Explaining Southern California's economy

Housing prices: Los Angeles is on the edge


David McNew/Getty Images

A realtor sign advertises a bank-owned house for sale in California. The March Case-Shiller index suggests that Los Angeles may finally have hit a true bottom for prices.

The Case-Shiller index is out for March 2012. The bottom line is that price declines across the indices — which tracks housing prices data in two groups, across 10 and 20 U.S. cities — are moderating. Or seem to be moderating. This means that many cities may finally be scraping along a true bottom for housing prices, setting the stage for a recovery that can sustain itself.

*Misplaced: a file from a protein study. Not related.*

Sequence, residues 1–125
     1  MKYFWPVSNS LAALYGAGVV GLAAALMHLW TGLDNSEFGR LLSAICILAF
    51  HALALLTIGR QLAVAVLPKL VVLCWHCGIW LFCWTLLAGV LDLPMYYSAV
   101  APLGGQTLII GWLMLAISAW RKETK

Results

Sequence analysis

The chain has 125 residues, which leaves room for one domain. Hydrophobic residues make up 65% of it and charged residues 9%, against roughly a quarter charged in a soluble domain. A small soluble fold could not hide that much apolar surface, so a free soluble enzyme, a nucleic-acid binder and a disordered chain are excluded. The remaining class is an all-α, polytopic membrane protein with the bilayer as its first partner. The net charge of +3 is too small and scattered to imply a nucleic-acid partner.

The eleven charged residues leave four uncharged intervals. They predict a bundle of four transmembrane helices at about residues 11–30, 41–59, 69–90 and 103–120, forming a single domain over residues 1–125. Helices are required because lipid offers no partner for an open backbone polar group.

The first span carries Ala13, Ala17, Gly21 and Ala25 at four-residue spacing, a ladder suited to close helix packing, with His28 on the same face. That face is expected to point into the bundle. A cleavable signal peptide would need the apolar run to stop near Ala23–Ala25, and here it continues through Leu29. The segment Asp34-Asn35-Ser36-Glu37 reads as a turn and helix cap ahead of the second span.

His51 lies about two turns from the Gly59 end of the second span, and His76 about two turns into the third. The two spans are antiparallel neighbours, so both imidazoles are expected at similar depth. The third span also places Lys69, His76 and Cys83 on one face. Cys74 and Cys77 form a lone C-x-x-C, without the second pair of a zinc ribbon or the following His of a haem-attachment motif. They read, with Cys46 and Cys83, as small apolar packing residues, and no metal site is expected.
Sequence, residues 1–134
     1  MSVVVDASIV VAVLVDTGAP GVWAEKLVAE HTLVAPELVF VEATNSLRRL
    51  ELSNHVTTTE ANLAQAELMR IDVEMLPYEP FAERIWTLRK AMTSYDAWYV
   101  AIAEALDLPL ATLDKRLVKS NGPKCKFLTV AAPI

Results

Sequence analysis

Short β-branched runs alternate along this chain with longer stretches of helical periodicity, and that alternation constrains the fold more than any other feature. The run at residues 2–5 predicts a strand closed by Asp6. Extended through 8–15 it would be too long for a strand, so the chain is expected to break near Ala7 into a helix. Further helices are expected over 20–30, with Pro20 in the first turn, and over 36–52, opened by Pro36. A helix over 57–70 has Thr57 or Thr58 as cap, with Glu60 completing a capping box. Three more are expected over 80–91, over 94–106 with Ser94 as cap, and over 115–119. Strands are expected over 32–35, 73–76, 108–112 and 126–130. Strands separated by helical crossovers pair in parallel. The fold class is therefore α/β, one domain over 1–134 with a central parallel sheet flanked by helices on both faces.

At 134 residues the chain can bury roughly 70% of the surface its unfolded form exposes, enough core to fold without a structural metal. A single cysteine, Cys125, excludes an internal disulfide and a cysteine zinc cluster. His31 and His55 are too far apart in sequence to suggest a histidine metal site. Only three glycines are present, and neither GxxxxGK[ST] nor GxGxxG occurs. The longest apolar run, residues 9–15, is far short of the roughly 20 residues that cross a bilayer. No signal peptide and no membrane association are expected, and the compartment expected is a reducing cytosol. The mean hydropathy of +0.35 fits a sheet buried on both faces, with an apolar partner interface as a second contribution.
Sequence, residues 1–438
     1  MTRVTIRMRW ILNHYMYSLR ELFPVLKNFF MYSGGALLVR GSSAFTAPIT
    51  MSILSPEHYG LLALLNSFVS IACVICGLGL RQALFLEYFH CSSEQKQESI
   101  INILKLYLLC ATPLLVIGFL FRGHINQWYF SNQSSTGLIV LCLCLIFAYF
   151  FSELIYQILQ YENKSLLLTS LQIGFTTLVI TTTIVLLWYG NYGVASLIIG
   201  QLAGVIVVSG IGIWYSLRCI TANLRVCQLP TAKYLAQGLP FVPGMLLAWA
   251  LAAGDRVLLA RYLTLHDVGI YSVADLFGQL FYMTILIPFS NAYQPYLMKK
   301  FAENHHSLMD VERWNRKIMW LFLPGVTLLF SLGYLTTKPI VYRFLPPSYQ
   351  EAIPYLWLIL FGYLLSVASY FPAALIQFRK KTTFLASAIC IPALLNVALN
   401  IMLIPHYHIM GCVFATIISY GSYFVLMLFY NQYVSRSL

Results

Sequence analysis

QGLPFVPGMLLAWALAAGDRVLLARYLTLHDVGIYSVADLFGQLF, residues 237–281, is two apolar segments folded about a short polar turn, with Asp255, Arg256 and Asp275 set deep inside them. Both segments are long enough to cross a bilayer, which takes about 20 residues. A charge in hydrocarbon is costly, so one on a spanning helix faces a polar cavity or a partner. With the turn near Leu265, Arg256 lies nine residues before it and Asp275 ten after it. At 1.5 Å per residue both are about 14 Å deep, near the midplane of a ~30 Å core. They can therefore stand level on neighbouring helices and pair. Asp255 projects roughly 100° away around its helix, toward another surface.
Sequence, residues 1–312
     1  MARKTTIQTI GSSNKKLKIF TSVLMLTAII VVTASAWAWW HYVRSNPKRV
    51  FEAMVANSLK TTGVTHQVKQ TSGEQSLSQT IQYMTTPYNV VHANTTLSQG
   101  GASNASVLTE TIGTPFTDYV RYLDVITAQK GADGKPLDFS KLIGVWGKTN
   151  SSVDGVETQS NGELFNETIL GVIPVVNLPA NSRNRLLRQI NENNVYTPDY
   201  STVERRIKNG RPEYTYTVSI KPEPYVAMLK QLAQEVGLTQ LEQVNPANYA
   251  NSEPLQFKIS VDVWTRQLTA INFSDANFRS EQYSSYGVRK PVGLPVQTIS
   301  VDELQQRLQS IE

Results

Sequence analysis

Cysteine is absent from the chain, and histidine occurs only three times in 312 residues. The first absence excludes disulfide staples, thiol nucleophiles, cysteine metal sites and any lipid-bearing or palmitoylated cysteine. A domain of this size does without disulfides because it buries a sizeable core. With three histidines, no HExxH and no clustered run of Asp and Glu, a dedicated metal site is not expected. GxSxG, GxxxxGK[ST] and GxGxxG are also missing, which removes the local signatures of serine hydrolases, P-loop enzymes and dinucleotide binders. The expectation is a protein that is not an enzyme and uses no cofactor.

This is from the S&P/Case-Shiller press release:

“The regions showed mixed results for March.  Twelve of the cities saw average home prices rise in March over February, seven saw prices fall and one  – Las Vegas  – was flat.   The Composites were largely unchanged with the 10-City down only 0.1% and the 20-City unchanged.  After close to six consecutive months of price declines across most cities, this is relatively good news.  We just need to see it happen in more of the cities and for many months in a row.  Since we are entering a seasonal buying period, it becomes very important to look at both monthly and annual rates of change in home prices in order to understand the broader trend going forward.”